Wednesday, November 11, 2009

Armistice Day - Tremont Theater, Boston

On this day in 1918, the World War ended by armistice and mutual exhaustion. At Boston’s Tremont Theater, “Tiger Rose”, a melodrama by Willard Mack, produced by David Belasco played to audiences whose number we can only guess.

In late August, early September, a few cases of the mysterious influenza were noted among servicemen at the Chelsea Naval Hospital. Soon, civilians began catching the influenza, and dying. All aspects of daily life were suddenly overburdened with the inability to cope with the sickness. Educators, health care providers, the clergy, the police and fire departments suffered the loss of scores of workers, so that in the end, citizens were told to just quarantine themselves as a best measure of fighting the epidemic. In the last four months of that year, the end of the war, an event hoped and prayed for, seemed secondary to the 22,000 deaths in Massachusetts from the influenza.

One wonders how the theatre was able to cope when schools and churches were closed and the city seemingly locked itself down. The Tremont boasted itself The Safest Theatre in Boston, “Equipped with the celebrated Regan Water Curtains which are positive in their action. Also an Asbestos Curtain” so a program from that era proclaimed. Safe from fire, the theatre’s traditional enemy, but not from the flu.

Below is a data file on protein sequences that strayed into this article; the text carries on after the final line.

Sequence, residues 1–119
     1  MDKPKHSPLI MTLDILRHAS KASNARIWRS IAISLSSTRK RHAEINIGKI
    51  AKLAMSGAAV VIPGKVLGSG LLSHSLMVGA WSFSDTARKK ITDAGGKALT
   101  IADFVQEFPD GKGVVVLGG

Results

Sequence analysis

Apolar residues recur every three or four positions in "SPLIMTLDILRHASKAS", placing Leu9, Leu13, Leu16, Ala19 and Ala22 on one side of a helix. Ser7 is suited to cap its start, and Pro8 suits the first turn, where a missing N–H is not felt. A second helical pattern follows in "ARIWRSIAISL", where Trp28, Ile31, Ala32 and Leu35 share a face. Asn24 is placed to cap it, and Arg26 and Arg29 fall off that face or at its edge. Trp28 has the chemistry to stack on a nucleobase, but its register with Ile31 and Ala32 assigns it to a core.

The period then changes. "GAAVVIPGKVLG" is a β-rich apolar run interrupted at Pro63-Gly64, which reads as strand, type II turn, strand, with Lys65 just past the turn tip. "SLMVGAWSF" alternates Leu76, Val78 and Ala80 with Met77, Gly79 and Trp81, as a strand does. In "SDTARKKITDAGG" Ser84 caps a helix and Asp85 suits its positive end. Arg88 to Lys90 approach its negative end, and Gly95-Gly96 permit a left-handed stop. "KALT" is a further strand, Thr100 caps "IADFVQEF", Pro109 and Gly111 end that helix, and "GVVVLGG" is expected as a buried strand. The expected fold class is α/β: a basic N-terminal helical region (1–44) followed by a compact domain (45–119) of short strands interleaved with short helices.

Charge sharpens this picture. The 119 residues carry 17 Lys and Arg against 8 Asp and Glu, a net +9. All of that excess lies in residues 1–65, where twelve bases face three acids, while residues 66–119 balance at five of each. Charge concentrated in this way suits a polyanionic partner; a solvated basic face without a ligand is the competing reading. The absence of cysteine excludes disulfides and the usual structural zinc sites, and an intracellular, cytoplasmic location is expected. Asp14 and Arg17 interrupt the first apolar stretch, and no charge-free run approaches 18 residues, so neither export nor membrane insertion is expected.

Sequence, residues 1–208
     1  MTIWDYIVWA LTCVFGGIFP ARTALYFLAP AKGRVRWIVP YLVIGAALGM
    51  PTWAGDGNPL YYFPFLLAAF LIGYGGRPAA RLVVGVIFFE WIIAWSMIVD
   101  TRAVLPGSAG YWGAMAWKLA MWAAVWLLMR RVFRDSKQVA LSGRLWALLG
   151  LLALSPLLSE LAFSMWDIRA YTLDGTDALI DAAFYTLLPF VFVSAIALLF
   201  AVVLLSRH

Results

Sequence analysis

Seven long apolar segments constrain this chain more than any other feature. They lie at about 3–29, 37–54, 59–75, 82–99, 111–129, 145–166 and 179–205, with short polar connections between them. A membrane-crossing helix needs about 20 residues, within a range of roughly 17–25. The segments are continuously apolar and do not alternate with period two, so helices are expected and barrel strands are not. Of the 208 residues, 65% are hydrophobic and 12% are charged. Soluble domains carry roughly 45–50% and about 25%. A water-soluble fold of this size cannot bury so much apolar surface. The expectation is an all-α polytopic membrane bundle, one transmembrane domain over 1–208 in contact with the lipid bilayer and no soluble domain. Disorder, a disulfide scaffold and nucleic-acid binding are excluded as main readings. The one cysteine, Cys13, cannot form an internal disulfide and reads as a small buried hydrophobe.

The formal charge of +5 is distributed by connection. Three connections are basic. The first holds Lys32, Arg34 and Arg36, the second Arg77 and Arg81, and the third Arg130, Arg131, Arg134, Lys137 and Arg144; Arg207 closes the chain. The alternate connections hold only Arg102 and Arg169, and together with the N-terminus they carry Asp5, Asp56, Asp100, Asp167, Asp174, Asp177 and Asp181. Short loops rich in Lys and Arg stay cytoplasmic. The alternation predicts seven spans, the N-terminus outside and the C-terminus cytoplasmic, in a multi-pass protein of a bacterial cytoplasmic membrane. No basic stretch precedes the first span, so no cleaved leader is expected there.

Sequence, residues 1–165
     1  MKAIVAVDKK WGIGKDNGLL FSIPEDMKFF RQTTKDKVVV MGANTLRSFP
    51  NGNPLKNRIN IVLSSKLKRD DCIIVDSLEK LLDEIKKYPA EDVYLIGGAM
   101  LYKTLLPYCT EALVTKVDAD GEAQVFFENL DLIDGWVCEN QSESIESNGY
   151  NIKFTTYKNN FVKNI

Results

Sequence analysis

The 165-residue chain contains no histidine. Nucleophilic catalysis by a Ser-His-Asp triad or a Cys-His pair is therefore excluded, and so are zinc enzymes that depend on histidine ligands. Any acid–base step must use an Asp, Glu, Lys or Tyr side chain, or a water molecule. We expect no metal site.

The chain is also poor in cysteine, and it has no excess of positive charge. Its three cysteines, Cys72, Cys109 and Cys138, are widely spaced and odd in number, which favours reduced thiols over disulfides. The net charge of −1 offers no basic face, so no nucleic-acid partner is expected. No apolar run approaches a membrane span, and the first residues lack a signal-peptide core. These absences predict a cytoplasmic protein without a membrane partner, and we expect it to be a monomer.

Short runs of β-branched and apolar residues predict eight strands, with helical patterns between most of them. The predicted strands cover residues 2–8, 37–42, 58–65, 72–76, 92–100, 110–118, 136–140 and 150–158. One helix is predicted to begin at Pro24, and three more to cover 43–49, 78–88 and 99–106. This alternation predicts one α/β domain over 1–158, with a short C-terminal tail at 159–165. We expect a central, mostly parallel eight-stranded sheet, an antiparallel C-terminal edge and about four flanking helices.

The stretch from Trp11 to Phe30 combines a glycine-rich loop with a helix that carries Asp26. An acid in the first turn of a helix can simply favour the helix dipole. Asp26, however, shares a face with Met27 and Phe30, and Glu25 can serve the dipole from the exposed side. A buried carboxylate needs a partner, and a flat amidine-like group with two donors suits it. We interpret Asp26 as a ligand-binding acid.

“Tiger Rose” was about a French-Canadian spitfire, loved by all, particularly the villain of the piece, a Mountie played by the play’s author, Willard Mack. Lenore Ulric, who played Rose, later went on to star in the 1921 silent film.

Willard Mack eventually gave up acting to concentrate on his writing career. In another play he wrote, called “The Noose” in 1926, Willard Mack is perhaps best remembered for plucking a girl out of the chorus called Ruby Stevens. So impressed with her natural talent, he rewrote parts of the play to expand her role, and convinced her to change her name. So, Ruby Stevens became Barbara Stanwyck, and Barbara Stanwyck became a star, first on Broadway in “The Noose”, and then for the rest of her long career in film.

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